Legislation proposed by the German government would create a new type of copyright requiring any online or offline use of publishers' content to be compensated. Cue debate.

Mathew J. Schwartz, Contributor

August 21, 2012

4 Min Read

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Are search engines and other news-aggregation services covered by fair-use legal concepts, allowing them to return news headlines, summaries, or thumbnails of related images to people surfing the Web? Or should news aggregation sites, which so often sell advertising that surrounds news snippets, share their advertising revenue with publishers, thus helping to keep online media outlets healthy?

More than a decade after the launch of Google, and years after the company signed content-usage agreements with Agence France-Presse, Associated Press, and Belgian newspaper group Copiepresse to settle--or avert--lawsuits relating to its use of headlines, story summaries, and images, many people might think that such questions had been long settled. But in fact, related debates continue.

One of the most recent challenges to the use of news content comes from the German government, which earlier this year announced that it would be introducing legislation to create a new type of copyright that would require sites such as Google to pay a fee to publishers for any content--even small snippets--that they provide via their site. The fees would be collected by a new clearinghouse, then distributed to publishers.

[ Read Google Plans Button To Block Ads. ]

As noted by The New York Times, however, Google doesn't place advertising on its German news aggregation pages.

Regardless, the first draft amendment of the German legislation, introduced in June, would require any use of publishers' material--either in the online or offline realm--to be compensated. "The example that was given at the hearing was: a bank employee reads his morning newspaper online and sees something about the steel industry, and then advises his clients to invest in certain markets," Mathias Schindler, who helped found Wikimedia Deutschland, told Al Jazeera.

"The publishers argued that the bank consultant was only able to advise his clients because of the journalistic work in the published article," said Schindler, who's been attending recent government hearings into the proposed copyright amendments. "So that means the publisher deserves a fair share of any money made from that scenario. This was the proposal from the start."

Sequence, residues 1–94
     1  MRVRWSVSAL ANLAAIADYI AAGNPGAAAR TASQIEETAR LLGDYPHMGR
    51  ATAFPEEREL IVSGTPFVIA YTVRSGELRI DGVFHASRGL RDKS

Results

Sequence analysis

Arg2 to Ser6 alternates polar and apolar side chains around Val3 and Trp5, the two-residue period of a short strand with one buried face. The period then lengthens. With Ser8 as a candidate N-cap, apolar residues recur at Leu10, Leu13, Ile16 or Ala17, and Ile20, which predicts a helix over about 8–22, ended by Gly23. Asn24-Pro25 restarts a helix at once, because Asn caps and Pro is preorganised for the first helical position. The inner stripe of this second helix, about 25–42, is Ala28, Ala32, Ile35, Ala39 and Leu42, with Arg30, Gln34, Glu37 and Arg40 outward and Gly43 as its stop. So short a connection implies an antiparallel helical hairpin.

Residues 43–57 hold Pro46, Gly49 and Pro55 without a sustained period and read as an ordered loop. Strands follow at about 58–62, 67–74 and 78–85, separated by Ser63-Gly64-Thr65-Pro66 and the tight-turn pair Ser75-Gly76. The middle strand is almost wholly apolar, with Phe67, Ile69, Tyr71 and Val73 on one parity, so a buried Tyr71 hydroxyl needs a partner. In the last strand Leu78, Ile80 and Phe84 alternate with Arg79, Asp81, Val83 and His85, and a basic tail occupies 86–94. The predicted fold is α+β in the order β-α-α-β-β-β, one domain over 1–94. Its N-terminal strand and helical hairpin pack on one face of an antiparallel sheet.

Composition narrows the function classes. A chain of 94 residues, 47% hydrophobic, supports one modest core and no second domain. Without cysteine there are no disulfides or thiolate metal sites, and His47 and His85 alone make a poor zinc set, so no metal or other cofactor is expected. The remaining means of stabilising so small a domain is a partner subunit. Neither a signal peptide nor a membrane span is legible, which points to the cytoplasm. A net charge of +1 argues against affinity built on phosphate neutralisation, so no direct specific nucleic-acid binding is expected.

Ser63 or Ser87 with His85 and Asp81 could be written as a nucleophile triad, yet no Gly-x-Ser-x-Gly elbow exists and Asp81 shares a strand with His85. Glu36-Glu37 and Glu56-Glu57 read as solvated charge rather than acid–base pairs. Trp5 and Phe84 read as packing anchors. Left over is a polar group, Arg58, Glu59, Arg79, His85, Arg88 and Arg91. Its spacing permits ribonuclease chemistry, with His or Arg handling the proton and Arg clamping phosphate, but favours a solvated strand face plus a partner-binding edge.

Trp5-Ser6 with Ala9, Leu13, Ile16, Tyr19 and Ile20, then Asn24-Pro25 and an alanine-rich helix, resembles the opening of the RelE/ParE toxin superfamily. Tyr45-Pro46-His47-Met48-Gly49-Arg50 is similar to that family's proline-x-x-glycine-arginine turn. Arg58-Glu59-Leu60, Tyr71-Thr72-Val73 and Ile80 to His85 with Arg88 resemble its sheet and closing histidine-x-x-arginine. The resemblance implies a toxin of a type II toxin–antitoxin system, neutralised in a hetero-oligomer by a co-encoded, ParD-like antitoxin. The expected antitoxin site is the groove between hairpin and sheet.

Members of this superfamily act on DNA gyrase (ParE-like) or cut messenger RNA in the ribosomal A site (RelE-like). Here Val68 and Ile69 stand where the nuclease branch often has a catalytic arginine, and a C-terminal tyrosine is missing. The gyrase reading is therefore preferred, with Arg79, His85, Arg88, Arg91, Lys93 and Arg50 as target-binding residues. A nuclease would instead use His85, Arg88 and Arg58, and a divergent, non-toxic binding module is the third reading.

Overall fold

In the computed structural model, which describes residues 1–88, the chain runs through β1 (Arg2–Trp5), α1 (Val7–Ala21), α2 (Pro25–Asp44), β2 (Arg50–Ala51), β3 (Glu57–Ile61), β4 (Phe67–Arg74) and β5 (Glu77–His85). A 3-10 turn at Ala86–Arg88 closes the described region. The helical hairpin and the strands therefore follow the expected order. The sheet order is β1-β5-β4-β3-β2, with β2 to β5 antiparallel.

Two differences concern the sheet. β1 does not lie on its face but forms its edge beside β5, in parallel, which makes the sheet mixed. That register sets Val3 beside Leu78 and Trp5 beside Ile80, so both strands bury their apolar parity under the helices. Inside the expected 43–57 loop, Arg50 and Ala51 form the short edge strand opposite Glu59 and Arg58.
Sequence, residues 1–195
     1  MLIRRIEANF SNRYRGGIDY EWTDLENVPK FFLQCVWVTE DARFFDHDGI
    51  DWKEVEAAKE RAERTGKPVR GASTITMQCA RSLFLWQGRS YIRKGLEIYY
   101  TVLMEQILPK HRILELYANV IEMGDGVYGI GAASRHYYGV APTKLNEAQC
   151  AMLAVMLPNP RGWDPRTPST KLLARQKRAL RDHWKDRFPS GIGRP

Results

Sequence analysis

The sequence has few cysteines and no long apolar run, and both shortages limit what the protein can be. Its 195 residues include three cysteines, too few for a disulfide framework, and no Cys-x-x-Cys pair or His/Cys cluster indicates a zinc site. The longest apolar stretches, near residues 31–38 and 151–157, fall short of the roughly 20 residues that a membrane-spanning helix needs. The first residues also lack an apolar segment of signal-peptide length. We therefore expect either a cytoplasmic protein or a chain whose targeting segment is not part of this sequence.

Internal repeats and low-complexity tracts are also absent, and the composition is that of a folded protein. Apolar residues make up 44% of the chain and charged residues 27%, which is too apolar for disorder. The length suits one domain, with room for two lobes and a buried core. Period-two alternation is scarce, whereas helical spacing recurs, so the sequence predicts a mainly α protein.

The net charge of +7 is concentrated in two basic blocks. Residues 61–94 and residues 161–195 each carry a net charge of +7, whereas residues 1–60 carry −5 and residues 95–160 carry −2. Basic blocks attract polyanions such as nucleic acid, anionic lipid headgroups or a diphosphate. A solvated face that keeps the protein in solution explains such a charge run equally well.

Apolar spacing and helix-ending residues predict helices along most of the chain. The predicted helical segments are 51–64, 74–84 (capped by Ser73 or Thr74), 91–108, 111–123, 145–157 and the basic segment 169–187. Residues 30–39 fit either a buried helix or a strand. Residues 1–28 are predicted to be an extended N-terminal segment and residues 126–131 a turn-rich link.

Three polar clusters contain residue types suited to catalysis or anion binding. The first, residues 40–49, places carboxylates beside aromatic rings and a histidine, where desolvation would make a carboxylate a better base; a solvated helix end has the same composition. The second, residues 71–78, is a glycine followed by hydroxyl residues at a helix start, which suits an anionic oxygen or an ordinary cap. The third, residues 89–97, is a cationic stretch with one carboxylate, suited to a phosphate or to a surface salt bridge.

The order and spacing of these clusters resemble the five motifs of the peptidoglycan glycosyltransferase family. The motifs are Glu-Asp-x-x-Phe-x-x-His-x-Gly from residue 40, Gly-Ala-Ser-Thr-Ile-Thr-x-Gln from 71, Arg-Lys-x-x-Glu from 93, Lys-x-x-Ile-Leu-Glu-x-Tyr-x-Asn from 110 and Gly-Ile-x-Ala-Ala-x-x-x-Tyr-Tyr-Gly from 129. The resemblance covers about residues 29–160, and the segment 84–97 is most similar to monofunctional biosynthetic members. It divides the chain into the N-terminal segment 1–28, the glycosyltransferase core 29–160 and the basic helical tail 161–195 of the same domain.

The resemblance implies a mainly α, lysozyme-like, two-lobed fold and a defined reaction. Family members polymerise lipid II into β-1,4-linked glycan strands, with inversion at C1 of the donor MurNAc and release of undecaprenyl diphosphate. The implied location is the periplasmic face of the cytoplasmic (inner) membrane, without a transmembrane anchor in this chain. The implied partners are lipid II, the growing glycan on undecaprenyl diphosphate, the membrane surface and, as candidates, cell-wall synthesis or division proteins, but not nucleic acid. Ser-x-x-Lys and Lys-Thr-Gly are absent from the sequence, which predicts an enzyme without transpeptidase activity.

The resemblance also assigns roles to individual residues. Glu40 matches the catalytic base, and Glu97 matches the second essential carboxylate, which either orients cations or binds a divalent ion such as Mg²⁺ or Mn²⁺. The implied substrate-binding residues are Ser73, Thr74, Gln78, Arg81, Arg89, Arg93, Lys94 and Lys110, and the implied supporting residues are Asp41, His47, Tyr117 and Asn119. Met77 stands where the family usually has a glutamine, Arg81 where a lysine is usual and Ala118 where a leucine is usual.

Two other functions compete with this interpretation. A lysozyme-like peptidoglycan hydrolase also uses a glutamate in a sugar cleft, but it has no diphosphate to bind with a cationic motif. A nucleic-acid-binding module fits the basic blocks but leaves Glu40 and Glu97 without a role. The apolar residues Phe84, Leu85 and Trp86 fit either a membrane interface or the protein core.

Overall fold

A recent revision to the draft legislation, meanwhile, curtailed the scope of the copyright proposal, but the proposal remains under discussion--and the subject of ongoing government hearings.

In March, the Federation of German Newspaper Publishers applauded the proposed legislation. "In the digital age, such a right is essential to protect the joint efforts of journalists and publishers," it said in a statement, noting that such revenues were "an essential measure for the maintenance of an independent, privately financed news media."

But Google argues otherwise. "We don't have any sympathy for these plans, as an ancillary copyright lacks all factual, economic, and legal foundation," said a Google spokesman via email. "And we are not alone with this opinion: The Federation of German Industries (BDI) and 28 other associations vehemently oppose an ancillary copyright for publishers. The German parliament is divided on the issue as well. For a good reason: An ancillary copyright would mean a massive damage to the German economy. It's a threat to the freedom of information. And it would leave Germany behind internationally as a place for business."

"Publishers should be innovative in order to be successful," said the Google spokesman. "A compulsory levy for commercial Internet users means cross-subsidizing publishers through other industries. This is not a sustainable solution."

Critics of the proposed legislation also have warned that rather than agreeing to the German copyright demands--and creating a precedent that publishers in other countries might seek to emulate--companies such as Google might simply cease doing business in the country.

Writing last year in Computer Law & Security Review, Till Kreutzer, a copyright expert at the Bureau for Information Law Expertise in Germany, warned that the expansion of copyright sought by publishers--for which they've been lobbying since 2009--had the potential to cause "collateral damage to fundamental freedoms like the freedom of the press, the freedom of expression, the freedom of science and education as well as the communication and publication practices on the Web."

Furthermore, would the new form of copyright even be enforceable, especially when dealing with websites not run by established businesses, or which operate outside Germany's borders? "Could every blog register with the collecting society that is to be founded?" said Thierry Chervel, co-founder of German cultural website Perlentaucher, reported The New York Times. "If so, wouldn't the financial benefit from the ancillary copyright be rather meager for the newspapers?"

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About the Author(s)

Mathew J. Schwartz


Mathew Schwartz served as the InformationWeek information security reporter from 2010 until mid-2014.

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